TANAISTE Eamon Gilmore has piled the pressure on the Revenue Commissioners to abandon their pre-Christmas tax grab on homeowners.
Revenue have controversially told almost a million homeowners to pay their property tax bill for 2014 by November 27 if they are paying by credit, debit card or cheque.
But Government politicians, including the Tanaiste, have now joined the chorus of calls for a re-think.
Mr Gilmore said he believed Revenue should "reconsider the deadline" for those making the one-off payment by cheque or card. He said that in the run-up to Christmas it probably was something the Revenue "should look at again".
Reiterating Mr Gilmore's position, the Tanaiste's spokesman said the "big advantage" of the October Budget was that it gave consumers some certainty heading into Christmas.
"This is something that could have a chilling effect on consumer sentiment," the spokesman added.
Revenue are insisting that there are other instalment payment methods to avoid paying before Christmas, but the tax authorities are being accused of leaving homeowners "confused" with their instructions.
Transport Minister Leo Varadkar criticised the commissioners for failing to explain why homeowners have to pay next year's property tax before Christmas.
Mr Varadkar admitted that even he was "confused" by the Revenue's
controversial letter to almost one million property owners this week.
Mr Varadkar objected to homeowners being asked to pay a tax in 2013 that is not due to be paid until 2014.
"My basic view is a tax that falls due in 2014 should be paid in 2014," he said.
Retailers warned that the demand could threaten fragile consumer confidence just as they enter the most important time of the year for sales.
Dublin Chamber of Commerce spokesman Andrew Smyth said it was "definitely" a concern for shopkeepers.
"Retailers tell us that a huge bulk of their trade for the full year is done in the November and December period in the run-up to Christmas," he said.
However, despite growing anger over the pre-Christmas demands, Revenue and the Department of Finance said there were no plans to extend the deadlines for payment of the property tax.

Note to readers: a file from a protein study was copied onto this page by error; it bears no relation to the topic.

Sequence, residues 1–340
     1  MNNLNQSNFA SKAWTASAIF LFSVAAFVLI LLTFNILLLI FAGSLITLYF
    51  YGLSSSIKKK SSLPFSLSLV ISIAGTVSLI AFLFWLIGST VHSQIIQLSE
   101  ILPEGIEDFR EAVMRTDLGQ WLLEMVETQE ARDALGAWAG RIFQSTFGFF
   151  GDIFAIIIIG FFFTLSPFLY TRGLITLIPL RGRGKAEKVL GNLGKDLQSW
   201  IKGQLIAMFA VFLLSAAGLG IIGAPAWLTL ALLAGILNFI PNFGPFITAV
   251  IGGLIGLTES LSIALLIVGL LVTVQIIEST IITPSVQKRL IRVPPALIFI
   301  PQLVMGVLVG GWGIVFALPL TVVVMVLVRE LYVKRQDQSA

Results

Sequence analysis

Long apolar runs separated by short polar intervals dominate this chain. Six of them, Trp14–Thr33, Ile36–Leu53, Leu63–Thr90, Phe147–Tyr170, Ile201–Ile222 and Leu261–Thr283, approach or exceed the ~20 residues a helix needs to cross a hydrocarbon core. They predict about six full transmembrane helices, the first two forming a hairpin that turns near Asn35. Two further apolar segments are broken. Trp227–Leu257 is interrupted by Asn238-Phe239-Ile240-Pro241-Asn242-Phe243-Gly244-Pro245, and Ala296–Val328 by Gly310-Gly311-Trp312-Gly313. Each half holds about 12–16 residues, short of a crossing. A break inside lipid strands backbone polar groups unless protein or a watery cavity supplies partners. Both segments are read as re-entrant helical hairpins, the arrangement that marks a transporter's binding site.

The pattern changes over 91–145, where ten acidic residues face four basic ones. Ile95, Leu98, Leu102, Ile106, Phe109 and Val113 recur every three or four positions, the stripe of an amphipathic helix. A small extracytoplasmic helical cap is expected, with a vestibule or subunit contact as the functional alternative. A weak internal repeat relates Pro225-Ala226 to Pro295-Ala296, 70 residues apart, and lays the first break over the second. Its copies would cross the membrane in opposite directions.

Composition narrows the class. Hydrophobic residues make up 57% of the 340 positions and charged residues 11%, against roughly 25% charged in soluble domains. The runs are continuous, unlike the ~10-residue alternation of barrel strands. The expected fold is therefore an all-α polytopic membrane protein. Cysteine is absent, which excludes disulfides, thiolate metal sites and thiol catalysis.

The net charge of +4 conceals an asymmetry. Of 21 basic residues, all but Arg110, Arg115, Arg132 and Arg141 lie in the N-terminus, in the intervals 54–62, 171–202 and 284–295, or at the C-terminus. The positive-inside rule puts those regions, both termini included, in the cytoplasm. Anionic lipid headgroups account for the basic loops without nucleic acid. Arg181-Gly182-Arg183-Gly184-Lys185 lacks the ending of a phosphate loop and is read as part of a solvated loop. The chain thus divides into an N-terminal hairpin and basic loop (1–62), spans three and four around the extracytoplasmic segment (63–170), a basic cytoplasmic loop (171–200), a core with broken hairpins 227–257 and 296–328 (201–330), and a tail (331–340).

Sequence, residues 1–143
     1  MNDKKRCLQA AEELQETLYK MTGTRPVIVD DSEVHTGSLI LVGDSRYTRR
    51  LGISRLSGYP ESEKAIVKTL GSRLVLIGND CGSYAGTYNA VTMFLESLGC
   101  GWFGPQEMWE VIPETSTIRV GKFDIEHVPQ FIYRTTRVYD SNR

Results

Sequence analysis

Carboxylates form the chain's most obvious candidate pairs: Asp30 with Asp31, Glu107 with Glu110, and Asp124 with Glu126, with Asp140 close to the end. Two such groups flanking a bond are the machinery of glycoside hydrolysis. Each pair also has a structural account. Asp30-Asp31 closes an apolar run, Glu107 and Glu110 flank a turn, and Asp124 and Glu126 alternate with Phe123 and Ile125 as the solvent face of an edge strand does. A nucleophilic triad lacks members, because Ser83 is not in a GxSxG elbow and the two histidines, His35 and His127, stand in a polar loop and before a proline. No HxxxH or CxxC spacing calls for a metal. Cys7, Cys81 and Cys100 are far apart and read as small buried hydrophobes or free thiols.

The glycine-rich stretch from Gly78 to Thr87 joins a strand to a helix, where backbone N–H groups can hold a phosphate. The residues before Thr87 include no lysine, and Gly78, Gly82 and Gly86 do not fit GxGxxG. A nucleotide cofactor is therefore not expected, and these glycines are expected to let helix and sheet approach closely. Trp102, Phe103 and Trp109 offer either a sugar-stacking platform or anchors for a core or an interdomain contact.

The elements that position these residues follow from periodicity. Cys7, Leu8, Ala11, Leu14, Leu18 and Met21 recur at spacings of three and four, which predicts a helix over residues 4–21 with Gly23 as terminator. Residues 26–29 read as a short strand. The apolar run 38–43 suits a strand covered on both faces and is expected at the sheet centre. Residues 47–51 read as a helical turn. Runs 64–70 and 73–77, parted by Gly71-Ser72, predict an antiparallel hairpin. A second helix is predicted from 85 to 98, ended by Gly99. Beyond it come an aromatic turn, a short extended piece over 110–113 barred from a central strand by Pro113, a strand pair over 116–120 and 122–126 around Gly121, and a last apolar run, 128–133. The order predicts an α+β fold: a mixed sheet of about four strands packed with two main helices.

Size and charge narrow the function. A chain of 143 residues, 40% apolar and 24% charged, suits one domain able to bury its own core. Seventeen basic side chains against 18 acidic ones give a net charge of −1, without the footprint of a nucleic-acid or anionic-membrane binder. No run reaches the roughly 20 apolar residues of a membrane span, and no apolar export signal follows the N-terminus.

Revenue defended its handling of the issue and said there was no change on the cards, while the Department of Finance said it was a matter for Revenue.
But coalition backbenchers are calling for the deadline for payment to be extended.
Fine Gael TD John-Paul Phelan said his constituency office in Kilkenny had been inundated with calls from householders alarmed by the letter, and that the payment timescale needed to be extended into at least the start of next year.
He added: "The letter was far from clear. It's disappointing, considering the property tax has gone so well, that this is a botched job."
Last night, Revenue said homeowners did not have to pay their 2014 local property tax before Christmas as they had options to pay next year.
"We are asking you to let us know what payment method you wish to choose so that we can have the range of payment options set up in good time for next year. All the letter asks is that you state what payment option you wish to choose," a spokesperson said.
Revenue said there were several different payment methods from which homeowners could choose, whereby deductions would not begin until 2014. These include:
* Pay in full by single debit authority, which will be debited by Revenue on March 21.
* Spread payments evenly throughout 2014 by direct debit or deduction from salary, pension or government payment, starting on January 15.
* Make regular payments throughout 2014.
"You need to tell Revenue now so that these payment options can be set up in good time for next year," the spokesperson added.
However, those paying by credit or debit card or cheques will have to pay the tax immediately, and so will have paid their 2013 and 2014 LPT in the same year.
Most people paid their property tax bill by card or cheque this year, rather than paying in installments, so Revenue has sent letters to these 960,000 once-off-payment homeowners.
It said: "Revenue does not retain credit/debit card details for longer than is necessary to process and validate the payment and therefore cannot postpone the deduction of LPT until 2014 for this payment method.
"However, there is no need to pay by debit/credit card. We have designed the administration of this tax in such a manner as to ensure there are numerous payment methods from which you can choose to best suit your circumstances."
Fionnan Sheahan and Breda Heffernan